Now that I am retired having been many years a magistrate with a long awareness of the declining freedoms enjoyed by the ordinary citizen and a corresponding fear of the big brother state`s ever increasing encroachment on civil liberties I hope that my personal observations within these general parameters will be of interest to those with an open mind. Having been blogging with this title for many years against the rules of the Ministry of Justice my new found freedom should allow me to be less inhibited in these observations.

Comments are usually moderated. However, I do not accept any legal responsibility for the content of any comment. If any comment seems submitted just to advertise a website it will not be published.

Wednesday, 21 December 2016


We are being informed with unfailing regularity , rain or shine, Tory or Labour that our prisons are overcrowded and something must be done. That something has been virtually automatic release on license when half time arrives and increased use of suspended sentence orders. Currently there are some who posit somewhat controversially that the Sentencing Council itself is responsible for inflation of custodial sentences. An additional shadow which has been looming in the background of this argument for over ten years is a proposed increase in magistrates` courts` sentencing powers to 12 months custody. This could be done almost at the stroke of a pen and should be done ASAP according to regular input from the Magistrates Association with predictable vehement responses in opposition from organisations eg The Howard League. The re-offending rate is a particular cause for concern for everyone and every organisation concerned with criminality.  The probation service is in almost a terminal condition much because of the actions of former Tory Justice Minister Grayling. The fashionable term for current tinkering with the present situation is "restorative justice" which has more merit in its description than its possible future practice. On the other hand it is generally agreed that the great British public considers that the criminal justice system is too soft on sentences. Contrast that with a 101 year old paedophile jailed this week for 13 years for offences committed up to 40 years ago.  Many interesting current statistics from the Prison Reform Trust are available here. Indeed the criminal justice system is bombarded with statistics to such an extent that it takes more than a mere blogger to make any sense of it all.  It is estimated that about 70%  acquisitive and/or violent crime is caused by addiction mainly although not exclusively to drugs and/or alcohol. There is one avenue of escape from all this; a desire and action to divert as many as possible from entering the CJS to begin with and as a corollary to assist those with appropriate history by diversion from the courts system and providing the medical and psychological means of intervention to enable them to return to more or less a simple life cured or at least in control of the problems that have been the cause of their recidivism.  It is sad that such a change in thinking is not even on  the horizon; it is not even over the horizon on the yellow brick road ahead.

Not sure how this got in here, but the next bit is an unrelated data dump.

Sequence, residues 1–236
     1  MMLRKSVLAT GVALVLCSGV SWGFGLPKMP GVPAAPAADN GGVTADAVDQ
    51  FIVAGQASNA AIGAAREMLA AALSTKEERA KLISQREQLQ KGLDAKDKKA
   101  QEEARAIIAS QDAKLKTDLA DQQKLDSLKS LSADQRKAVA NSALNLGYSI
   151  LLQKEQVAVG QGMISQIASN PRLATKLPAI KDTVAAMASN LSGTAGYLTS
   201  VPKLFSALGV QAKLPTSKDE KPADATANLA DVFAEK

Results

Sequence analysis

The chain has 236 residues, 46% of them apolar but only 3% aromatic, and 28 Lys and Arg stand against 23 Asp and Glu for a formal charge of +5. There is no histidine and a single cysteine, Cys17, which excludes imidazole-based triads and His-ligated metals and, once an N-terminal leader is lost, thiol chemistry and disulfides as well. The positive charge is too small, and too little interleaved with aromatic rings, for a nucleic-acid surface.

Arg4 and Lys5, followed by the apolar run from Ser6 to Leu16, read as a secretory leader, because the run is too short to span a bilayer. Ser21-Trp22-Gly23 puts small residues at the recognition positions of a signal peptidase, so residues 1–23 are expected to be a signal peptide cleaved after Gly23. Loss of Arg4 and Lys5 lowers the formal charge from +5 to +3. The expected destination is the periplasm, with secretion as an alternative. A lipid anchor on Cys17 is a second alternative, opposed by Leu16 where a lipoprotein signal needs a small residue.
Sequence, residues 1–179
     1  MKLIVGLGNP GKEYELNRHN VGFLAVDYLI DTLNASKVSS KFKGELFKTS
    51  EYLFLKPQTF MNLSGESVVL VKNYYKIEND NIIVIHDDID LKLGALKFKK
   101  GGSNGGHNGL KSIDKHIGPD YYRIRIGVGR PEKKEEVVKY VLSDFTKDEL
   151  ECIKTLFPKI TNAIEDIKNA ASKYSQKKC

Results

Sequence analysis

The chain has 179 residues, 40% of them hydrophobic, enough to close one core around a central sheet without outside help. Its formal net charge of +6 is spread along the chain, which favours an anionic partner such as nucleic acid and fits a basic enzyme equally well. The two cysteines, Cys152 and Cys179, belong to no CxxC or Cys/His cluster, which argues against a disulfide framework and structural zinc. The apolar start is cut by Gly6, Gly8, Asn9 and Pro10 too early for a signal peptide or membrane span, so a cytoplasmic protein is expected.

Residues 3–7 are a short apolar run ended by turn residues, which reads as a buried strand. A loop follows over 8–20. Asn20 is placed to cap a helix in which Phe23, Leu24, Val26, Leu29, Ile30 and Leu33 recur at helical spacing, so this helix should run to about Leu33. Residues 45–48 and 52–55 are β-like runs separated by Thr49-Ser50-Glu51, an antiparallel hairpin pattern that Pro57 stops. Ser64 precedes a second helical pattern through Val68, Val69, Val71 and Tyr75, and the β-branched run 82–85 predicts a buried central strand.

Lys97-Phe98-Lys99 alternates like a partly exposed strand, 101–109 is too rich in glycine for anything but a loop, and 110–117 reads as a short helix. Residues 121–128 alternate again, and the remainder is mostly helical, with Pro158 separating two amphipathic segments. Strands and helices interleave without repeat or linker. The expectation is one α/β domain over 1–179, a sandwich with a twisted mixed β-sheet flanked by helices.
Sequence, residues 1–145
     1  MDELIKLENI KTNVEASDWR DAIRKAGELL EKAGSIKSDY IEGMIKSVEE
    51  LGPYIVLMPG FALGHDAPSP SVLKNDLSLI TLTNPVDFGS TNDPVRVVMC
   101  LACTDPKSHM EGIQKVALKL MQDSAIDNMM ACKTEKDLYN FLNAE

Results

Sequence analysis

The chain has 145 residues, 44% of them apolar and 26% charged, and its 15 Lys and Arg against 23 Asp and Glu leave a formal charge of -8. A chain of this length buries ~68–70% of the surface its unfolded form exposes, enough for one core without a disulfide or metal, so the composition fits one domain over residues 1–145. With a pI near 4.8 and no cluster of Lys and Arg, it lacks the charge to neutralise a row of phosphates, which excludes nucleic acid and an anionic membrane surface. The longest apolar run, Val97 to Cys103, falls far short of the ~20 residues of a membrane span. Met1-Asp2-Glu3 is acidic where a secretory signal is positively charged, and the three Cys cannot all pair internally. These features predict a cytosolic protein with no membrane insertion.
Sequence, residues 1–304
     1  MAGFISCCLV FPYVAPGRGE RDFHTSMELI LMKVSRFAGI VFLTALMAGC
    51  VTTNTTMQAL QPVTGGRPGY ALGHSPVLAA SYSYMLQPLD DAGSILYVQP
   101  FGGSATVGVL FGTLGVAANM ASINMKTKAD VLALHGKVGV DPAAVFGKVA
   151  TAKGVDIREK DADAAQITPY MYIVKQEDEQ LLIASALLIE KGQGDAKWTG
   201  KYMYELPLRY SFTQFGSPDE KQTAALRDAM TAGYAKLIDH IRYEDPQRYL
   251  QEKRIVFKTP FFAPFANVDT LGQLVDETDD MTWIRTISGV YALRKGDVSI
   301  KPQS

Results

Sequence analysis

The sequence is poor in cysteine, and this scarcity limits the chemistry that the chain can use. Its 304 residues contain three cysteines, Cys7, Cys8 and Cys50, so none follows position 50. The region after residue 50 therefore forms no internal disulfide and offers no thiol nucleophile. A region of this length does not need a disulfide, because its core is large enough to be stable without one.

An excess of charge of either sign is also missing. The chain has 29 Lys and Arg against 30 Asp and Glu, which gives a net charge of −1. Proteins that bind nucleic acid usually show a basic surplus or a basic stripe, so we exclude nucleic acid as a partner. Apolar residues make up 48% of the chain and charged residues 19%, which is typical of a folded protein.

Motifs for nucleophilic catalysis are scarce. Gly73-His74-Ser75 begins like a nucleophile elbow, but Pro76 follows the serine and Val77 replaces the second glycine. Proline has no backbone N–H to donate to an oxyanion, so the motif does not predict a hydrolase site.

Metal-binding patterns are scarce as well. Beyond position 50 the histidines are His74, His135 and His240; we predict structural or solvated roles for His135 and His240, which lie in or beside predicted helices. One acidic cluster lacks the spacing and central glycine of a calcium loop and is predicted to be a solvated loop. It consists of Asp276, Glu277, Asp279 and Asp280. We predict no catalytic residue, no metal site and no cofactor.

So the argument will continue as surely as Andy Murray hits the ball back and forward with unfailing regularity. People such as this poor soul will appear at every magistrates` court in the country so often as to be recognised by those sitting in judgement. And the same limited choices will be available to them. Those with the power to effect change will continue to make their speeches in and out of parliament and publish their papers on the topic while those howling from the cloisters will rant back and forwards choosing their statistical bases to suit their cause. We must strive to divert  offenders from the court system. And then perhaps we can call ourselves a civilised country.


  1. Never mind that "poor soul", what about the poor victims of his hundreds of thefts and burglaries? Are you really under any illusion that he won't be pilfering a Christmas collection at this very moment?

    I don't actually blame him, he's clearly lacking in impulse control and probably has a life story that makes Jude the Obscure look like a laugh-a-minute comedy. But none of that alters the demonstrable fact that gaol is the only available option that protects his victims, albeit temporarily.

    To where should he be diverted? The third sector, who will lap up his excuses even more readily?

    Letting him out every so often seems crueller to him, his family, and especially to his victims than acknowledging that if he hasn't reformed by now then he never will.

    "256 strikes and you're out," may not be the catchiest catechism, but it would seem to apply here.

  2. Poor soul? I'm sorry but you have to try really hard to get sent to prison. But you are correct that other means of disposal - such as a type of custody where there is not the emphasis on locking up and warehousing the offenders, but working with the offenders day and night to ween them from their stupidity of drugs or other addictions.

  3. Or perhaps one day, far into the future, we may have the sense and courage to decriminalise ALL drugs. So often said but worth repeating, it removes the profit incentive to deal, will save taxpayers billons of pounds and have a major impact on acquisitive crime. Yes, people will continue to die from drugs but a tiny fraction of those who currently die from other addictive substances. It will happen eventually but sadly I won't live to see it.